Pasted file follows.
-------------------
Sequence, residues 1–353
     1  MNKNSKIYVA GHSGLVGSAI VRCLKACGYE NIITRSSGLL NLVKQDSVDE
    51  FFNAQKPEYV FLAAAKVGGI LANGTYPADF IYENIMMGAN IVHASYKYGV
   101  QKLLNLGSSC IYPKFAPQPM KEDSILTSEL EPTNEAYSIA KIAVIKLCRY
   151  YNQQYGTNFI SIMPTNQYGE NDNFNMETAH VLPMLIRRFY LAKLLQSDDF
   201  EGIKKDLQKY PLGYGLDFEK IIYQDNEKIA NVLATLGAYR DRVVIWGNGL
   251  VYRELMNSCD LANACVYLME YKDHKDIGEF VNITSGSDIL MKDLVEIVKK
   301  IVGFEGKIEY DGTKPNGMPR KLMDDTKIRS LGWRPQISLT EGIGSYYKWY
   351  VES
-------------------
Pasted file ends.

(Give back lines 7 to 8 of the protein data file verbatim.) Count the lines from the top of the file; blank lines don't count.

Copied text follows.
   251  VYRELMNSCD LANACVYLME YKDHKDIGEF VNITSGSDIL MKDLVEIVKK
   301  IVGFEGKIEY DGTKPNGMPR KLMDDTKIRS LGWRPQISLT EGIGSYYKWY